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2002 gmc envoy_slt_xl
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1 Posts
Discussion Starter · #1 ·
My fill plug is completely frozen. And now the bolt has rounded off (not by me, combo of Jiffy Lube and Dealer :duh:). They were able to fill using some vent hole, but are telling me I may need to get a new housing. Sounds like a pretty expensive job. It is a pretty large diameter plug that looks to be steel that is in an aluminum housing.

Anyway, anybody have any ideas to get the thing out, or has anyone had this happen as well? They ordered me a replacement plug (still has not arrived after a week), but if I cant get this thing out, i'm not sure what good it's going to do. :bonk:

Thanks in advance!
 

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2006 chevy trailblazer_lt
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721 Posts
There's a gasket under the plug, so I doubt penetrating oil will do much good.

Vice Grips are the next step for sure. Make sure that a Gorilla squeezes them shut. Make sure to use new Vise Grips, ones with sharp teeth. You may need to put a cheater bar on them, but the plug should come out. It can't be in THAT tight.

Yes, a new case would be expensive. Very.

Ingenious, putting gear oil in through the vent. I like it.

If all else fails, see if you can find a really long Sawzall blade and slice the head off the plug, then make some screwdriver slots in the cap flange, then go to work with a large but dull cold chisel. Perhaps you can loosen it that way.

If that doesn't work, perhaps you can eliminate the flange entirely with a sharp chisel. If so, that will eliminate the tension on the threaded portion and it will come out easily. You just need to be careful not to get filings/pieces inside the diff.
 

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2005 chevy trailblazer_lt
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111 Posts
I'm not nearly as knowledgeable as most people on here, but I would probably use my dremel to notch the head out and then use a big flat blade screwdriver or chisel. If you wanted to get really cool you could drill it out with a reverse/extraction bit.
 

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2002 olds bravada
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41 Posts
My two cents...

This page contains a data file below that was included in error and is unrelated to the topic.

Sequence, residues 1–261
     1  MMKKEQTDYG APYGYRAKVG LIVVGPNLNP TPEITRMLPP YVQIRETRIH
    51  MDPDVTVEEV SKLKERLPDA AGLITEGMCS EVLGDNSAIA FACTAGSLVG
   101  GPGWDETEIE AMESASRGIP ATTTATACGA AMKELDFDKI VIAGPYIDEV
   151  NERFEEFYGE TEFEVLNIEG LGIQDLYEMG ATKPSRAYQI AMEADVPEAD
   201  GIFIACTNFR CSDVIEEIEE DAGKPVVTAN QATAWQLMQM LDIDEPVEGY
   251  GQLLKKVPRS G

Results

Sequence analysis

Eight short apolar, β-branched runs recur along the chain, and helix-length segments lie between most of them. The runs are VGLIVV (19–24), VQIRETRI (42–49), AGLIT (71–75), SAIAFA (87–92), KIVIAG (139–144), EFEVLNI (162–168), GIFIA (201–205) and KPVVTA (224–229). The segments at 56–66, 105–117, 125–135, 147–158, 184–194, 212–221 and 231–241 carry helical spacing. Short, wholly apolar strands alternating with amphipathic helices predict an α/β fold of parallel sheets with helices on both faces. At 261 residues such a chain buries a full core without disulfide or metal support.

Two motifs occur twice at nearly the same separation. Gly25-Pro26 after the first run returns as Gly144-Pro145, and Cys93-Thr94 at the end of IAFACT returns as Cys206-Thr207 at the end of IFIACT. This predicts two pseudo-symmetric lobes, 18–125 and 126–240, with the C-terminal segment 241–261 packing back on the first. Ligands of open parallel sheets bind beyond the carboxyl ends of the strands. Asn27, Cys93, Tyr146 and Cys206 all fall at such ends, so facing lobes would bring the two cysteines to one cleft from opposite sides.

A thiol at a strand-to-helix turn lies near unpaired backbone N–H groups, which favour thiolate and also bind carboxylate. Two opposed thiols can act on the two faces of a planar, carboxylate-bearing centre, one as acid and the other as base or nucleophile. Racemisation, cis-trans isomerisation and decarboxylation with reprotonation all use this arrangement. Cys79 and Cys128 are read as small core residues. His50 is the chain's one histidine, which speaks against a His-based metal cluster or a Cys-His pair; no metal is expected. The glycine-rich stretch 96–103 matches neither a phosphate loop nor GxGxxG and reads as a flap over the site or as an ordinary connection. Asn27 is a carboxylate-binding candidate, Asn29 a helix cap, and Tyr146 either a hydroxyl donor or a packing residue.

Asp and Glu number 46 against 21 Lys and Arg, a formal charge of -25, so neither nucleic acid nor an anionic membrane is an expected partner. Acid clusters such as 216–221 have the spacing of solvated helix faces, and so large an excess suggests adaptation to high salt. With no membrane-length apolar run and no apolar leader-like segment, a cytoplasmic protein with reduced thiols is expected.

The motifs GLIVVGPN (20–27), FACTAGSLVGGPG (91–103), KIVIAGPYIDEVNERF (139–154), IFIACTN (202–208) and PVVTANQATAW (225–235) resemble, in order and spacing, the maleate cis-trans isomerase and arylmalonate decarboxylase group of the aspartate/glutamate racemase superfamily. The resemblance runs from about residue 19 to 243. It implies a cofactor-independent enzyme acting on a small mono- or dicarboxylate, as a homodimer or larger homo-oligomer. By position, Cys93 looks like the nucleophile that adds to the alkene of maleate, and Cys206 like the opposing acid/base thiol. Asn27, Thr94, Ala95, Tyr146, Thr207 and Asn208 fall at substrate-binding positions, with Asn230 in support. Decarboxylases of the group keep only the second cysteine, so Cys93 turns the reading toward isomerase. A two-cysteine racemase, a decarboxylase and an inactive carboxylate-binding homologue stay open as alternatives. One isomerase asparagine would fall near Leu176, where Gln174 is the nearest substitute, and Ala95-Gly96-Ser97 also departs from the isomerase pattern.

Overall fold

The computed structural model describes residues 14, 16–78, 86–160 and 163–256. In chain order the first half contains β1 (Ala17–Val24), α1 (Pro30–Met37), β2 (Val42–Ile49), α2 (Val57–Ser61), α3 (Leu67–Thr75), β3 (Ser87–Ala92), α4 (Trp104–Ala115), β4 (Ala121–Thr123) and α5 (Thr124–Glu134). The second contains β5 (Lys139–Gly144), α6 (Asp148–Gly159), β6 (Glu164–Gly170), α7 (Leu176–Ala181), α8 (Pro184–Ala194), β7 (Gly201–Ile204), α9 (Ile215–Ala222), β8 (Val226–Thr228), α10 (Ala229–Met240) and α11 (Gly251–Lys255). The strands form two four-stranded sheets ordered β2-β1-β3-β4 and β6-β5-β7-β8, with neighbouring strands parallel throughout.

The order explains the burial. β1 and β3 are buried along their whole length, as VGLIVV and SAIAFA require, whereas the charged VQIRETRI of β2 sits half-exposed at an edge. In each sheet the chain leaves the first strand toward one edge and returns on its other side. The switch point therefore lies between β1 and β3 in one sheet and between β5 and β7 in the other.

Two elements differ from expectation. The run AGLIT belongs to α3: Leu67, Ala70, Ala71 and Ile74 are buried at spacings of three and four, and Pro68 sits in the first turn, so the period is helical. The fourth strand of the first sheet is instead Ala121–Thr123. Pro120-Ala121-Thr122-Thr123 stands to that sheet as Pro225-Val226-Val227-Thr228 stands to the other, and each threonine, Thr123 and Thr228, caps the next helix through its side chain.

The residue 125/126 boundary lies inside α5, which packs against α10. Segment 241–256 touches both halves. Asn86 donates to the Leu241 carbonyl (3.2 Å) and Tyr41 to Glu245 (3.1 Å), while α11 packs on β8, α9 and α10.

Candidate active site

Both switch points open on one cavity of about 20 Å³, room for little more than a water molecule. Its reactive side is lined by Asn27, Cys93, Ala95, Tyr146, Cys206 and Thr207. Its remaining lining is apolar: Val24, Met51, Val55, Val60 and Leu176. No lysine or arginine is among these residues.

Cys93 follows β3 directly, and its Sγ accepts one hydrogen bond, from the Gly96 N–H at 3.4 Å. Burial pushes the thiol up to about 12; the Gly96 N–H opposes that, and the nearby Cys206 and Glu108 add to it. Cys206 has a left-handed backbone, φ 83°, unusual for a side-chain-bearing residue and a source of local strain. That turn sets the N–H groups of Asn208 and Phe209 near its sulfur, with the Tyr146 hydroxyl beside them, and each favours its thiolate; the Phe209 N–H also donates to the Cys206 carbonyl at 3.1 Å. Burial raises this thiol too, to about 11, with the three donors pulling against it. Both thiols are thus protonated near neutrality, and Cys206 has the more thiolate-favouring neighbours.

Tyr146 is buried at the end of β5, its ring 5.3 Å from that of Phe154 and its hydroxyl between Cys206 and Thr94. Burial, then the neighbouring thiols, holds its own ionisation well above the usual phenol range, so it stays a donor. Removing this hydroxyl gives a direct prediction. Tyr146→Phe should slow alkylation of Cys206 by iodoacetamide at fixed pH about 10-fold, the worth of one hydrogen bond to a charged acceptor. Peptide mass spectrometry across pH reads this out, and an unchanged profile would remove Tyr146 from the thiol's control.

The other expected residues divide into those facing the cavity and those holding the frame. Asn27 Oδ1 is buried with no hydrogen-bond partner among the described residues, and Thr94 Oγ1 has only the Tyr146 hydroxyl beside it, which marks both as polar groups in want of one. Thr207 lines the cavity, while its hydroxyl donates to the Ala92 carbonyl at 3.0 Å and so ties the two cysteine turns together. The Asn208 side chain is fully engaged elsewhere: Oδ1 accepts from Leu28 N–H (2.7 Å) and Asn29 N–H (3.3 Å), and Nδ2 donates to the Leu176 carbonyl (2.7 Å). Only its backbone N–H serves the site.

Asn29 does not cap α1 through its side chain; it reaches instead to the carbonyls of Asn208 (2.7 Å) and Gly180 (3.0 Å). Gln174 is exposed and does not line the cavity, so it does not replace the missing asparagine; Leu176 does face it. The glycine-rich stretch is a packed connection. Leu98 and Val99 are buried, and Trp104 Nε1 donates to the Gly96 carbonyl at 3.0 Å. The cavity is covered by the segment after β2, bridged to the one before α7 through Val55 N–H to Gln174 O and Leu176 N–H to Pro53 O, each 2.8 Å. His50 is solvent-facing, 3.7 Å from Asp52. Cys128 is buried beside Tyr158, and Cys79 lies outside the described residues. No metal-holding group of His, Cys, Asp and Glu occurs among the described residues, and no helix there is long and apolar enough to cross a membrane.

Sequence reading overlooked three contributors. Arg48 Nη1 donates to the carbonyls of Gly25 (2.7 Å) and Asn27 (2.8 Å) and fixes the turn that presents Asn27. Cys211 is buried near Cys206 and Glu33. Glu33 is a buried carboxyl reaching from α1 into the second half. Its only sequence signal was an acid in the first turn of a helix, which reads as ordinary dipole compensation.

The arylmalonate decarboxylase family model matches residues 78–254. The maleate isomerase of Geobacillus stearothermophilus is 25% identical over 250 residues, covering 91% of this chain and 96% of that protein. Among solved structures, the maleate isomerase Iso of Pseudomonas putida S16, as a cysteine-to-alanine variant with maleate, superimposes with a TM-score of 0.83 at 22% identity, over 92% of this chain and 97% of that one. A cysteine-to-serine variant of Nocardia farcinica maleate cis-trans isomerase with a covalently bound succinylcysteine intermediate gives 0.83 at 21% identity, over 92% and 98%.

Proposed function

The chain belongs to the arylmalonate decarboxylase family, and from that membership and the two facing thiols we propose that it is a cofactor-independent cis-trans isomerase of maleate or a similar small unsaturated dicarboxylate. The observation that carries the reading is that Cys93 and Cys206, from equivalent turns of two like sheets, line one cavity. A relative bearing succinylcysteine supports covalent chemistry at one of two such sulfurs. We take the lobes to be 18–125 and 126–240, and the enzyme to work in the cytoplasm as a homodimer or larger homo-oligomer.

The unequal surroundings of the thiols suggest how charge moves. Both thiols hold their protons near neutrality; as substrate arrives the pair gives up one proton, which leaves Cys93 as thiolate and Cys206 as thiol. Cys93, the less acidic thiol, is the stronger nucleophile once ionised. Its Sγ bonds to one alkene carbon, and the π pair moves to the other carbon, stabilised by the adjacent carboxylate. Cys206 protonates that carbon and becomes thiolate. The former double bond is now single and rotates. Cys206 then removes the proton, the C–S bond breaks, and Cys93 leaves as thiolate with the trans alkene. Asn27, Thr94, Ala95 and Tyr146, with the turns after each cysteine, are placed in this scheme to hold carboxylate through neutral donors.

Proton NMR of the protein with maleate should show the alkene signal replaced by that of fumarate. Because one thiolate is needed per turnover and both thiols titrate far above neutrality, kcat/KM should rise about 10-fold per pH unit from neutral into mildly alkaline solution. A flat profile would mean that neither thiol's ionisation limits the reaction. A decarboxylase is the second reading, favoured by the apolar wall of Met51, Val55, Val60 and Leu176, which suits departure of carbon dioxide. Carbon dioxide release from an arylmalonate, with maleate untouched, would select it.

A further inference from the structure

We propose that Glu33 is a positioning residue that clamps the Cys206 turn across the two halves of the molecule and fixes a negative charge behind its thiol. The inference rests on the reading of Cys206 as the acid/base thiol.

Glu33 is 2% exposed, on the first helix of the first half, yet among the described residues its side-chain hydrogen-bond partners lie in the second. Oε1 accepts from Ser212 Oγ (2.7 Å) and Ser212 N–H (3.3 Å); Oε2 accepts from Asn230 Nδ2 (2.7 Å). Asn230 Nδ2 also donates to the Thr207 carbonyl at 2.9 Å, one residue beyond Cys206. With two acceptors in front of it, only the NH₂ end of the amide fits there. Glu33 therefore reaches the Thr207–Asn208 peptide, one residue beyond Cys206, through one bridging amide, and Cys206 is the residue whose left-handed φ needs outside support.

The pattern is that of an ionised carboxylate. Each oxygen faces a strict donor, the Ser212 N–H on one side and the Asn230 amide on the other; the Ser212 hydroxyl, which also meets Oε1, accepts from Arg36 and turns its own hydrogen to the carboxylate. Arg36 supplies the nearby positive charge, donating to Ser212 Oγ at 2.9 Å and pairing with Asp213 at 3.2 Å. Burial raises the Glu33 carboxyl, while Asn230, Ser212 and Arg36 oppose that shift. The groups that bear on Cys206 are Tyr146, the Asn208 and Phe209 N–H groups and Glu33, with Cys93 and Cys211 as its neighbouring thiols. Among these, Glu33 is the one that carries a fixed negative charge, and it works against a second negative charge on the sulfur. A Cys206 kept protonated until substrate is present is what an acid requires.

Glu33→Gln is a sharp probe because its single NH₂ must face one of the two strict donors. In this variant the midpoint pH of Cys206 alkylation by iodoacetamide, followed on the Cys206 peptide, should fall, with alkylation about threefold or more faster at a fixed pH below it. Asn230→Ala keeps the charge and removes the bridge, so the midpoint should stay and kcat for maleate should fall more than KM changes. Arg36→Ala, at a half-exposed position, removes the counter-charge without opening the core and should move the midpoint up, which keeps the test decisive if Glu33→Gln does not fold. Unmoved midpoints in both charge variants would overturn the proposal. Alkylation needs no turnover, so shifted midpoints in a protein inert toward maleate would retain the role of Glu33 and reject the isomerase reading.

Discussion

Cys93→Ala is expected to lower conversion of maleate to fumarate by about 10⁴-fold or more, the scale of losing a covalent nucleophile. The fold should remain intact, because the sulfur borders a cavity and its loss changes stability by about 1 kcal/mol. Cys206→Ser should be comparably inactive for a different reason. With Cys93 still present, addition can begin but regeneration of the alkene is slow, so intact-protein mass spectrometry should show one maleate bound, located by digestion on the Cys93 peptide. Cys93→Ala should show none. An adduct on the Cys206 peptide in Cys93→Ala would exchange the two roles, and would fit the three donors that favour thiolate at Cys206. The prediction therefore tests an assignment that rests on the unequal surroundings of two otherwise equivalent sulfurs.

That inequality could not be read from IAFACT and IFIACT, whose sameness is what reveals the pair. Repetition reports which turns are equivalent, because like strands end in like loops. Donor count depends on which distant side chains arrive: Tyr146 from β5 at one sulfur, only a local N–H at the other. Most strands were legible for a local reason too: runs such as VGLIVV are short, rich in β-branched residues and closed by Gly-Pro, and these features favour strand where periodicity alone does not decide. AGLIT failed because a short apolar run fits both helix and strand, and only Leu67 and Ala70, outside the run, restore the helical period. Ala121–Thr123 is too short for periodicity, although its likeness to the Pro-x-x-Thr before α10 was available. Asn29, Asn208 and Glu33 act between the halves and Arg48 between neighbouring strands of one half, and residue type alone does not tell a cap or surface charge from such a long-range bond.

Make a trip to Sears, buy their large bolt extractor kit and try that.

Be prepared for the fill plug to get stuck in the extractor (happened to me on a different bolt) and having to toss that extractor (but you've still got the rest of the set).

Even if it does get stuck, one extractor is still a lot cheaper than a new housing.
 

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2003 chevy trailblazer_ls
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1,236 Posts
If it is a steel plug, just weld a new nut to it. It will come out.

Some dufus at a quickie lube used his Chinese import wrench on it and boogered up the threads.

NAPA and other parts houses sell a full line of self-threading replacement plugs for almost every application. I'm sure they could find one that will fix your problem. If not, it is fairly quick work with a pipe tap to make the hole fit a pipe plug of the correct size. No pressure in that housing, just has to hold back the oil, so that would work to fix it in a worst-case scenario. You certainly do not have to repalce the housing -- that is stupid talk. Find another mechanic or oil change place. You are dealing with monkeys, not mechanics -- or even better, technicians.
 

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2003 chevy trailblazer_ls
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1,708 Posts
If Jiffy lube rounded it off then Jiffy Lube should pay for all expenses incurred in the repair. My Grand daughter just got a new engine in her Honda due to Jiffy Lube not putting the drain plug in correctly.
 

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2004 gmc
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26,181 Posts
The vent tube is the emergency fill tactic, yes. I've never needed to try heat on mine, but a vise grip and pipe handle are the traditional strong-arm methods for that kind of problem.

There are special sockets for this problem, one of them is called "Grip Tite", but I forget the exact size of the one for this plug. If you can refill from the vent tube, and only do it every 50K miles, I see no reason to spend any money on a new diff for something you will only do 1-3 more times while you own the vehicle. Drilling a couple of holes in the plug and making a pin spanner wrench would be a better solution than replacing the diff for this. Dealer's looking to spend your money for no reason.

 
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